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Physicist Decides to Build Own Microscope inSTED
Jul 2011
DENVER, July 26, 2011 — Physicist Stephanie Meyer is bringing new capabilities to the University of Colorado Denver Anschutz Medical Campus by building an advanced, superresolution microscope that can see some of the innermost workings of neurons and other cells.

Meyer and her colleagues decided to build their own stimulated emission depletion (STED) microscope after a review of a commercial microscope made it clear that they required a different design. Meyer, who earned her doctorate at the university’s Boulder campus and interned at Carl Zeiss GmbH, began work on the microscope in May.

“We want to get better resolution because a lot of biology happens on a smaller scale,” Meyer said. “For example, we want to see which proteins are congregating together.”

Electron microscopes also can reach high levels of resolution, but unlike when using STED microscopy, the cells must be dead first. The advantage of examining live cells at higher resolution is that extremely small parts and processes can be seen. This includes being able to see how proteins interact, which can lead to discoveries about the inner workings of cells. Also, samples do not need to be as thinly sliced with STED as with electron microscopy.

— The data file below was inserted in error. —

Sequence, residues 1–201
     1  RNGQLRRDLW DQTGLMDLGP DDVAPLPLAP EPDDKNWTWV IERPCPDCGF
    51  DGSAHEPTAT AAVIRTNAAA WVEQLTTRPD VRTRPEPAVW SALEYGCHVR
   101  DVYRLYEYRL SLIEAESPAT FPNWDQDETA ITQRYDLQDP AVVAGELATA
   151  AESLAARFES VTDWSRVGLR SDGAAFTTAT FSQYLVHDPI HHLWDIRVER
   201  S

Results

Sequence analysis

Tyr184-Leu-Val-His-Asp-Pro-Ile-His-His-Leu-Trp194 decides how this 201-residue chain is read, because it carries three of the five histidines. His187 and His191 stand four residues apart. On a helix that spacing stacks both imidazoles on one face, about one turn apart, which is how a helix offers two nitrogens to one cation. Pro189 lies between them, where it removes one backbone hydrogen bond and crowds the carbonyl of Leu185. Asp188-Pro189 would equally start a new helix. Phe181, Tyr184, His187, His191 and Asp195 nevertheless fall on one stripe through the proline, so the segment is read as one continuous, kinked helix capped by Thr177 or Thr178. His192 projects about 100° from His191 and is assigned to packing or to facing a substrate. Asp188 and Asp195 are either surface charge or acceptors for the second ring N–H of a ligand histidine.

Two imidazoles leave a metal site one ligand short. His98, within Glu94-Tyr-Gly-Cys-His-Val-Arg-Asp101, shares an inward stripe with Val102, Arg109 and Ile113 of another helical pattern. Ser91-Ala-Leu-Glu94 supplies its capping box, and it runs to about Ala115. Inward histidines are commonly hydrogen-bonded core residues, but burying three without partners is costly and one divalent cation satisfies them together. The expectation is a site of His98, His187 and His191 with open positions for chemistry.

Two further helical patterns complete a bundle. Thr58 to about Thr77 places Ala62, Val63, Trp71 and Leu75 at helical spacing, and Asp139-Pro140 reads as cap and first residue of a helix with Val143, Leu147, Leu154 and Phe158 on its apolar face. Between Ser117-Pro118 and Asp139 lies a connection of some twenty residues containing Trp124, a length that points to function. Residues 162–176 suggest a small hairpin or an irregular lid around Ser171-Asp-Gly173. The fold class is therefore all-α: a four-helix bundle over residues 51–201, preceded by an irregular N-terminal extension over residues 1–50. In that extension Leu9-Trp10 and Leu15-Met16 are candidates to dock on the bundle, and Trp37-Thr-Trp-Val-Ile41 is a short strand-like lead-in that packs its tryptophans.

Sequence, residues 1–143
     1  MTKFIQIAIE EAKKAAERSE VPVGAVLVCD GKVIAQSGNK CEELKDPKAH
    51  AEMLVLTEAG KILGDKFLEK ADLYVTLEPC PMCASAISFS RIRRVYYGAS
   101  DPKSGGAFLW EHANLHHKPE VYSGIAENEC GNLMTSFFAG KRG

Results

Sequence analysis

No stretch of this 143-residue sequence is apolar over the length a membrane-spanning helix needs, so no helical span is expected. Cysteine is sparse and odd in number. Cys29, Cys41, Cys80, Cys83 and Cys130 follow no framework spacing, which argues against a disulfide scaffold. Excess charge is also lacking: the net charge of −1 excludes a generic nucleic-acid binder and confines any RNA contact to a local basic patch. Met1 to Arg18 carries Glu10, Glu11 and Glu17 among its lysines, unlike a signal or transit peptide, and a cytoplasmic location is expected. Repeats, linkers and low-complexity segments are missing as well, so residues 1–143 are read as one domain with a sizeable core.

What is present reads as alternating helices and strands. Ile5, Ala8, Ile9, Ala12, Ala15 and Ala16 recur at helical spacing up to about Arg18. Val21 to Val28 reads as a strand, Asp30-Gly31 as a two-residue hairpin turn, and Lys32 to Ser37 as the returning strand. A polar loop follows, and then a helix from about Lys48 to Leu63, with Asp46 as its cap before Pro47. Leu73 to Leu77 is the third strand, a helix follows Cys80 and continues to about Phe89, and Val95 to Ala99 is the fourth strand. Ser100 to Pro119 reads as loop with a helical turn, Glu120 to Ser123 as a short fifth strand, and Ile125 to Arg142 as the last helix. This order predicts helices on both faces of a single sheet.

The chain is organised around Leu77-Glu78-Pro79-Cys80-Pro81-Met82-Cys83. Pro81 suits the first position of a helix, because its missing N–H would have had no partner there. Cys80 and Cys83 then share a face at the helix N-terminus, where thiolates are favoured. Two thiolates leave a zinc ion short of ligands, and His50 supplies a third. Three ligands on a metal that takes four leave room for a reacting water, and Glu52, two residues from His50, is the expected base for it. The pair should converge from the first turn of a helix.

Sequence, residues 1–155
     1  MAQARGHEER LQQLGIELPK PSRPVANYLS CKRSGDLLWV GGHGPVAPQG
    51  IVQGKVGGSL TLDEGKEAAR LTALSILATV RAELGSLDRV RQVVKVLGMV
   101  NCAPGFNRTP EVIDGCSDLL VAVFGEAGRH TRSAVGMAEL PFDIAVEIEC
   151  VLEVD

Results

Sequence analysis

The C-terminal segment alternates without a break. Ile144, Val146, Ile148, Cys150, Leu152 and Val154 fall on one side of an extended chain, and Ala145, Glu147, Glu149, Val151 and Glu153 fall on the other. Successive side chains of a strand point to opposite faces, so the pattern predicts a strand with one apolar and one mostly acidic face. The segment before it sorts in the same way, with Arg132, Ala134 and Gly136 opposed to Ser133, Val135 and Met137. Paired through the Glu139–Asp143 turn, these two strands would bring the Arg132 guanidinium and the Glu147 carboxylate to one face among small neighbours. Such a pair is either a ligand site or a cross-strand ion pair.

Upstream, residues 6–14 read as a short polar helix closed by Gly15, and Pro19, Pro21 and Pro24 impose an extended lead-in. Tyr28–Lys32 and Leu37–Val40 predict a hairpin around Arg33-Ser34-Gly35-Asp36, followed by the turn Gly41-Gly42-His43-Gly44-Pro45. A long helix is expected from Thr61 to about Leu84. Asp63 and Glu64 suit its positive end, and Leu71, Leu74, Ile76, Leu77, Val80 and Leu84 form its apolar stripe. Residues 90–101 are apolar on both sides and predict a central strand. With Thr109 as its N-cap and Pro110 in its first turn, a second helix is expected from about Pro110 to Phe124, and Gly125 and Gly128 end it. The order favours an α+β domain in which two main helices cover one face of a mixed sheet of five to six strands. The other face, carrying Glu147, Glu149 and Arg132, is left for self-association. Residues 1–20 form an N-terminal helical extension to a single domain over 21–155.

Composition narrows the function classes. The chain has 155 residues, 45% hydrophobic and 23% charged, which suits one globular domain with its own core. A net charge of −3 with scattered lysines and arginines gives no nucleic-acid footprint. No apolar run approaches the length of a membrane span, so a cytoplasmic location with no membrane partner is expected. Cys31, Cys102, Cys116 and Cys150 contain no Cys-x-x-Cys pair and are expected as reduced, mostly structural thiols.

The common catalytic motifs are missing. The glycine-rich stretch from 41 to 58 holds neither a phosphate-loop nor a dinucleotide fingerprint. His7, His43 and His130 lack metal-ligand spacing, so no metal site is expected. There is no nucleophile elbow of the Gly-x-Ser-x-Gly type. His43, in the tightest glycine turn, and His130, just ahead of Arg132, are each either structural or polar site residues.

STED microscopes use lasers to achieve subdiffraction-limited resolution. Currently, Meyer is getting ready to add lasers into the microscope body. Exactly when the device will be finished is unknown, but given the complexity of the project, it will likely take months. As daunting as it appears, Meyer remains unfazed by the task.

“Once you build one microscope and then another, it becomes second nature to you,” she said. “This will be a wonderful tool for us and is just another example of how far microscopy has come.”

For more information, visit:  

AmericasAnschutz Medical CampusBiophotonicsCarl Zeiss GmbHColoradoimaginglive cell imagingMicroscopyneuronsResearch & TechnologySTED microscopyStephanie Meyerstimulated emission depletionsuperresolutionsuperresolution microscopyUniversity of Colorado Denverlasers

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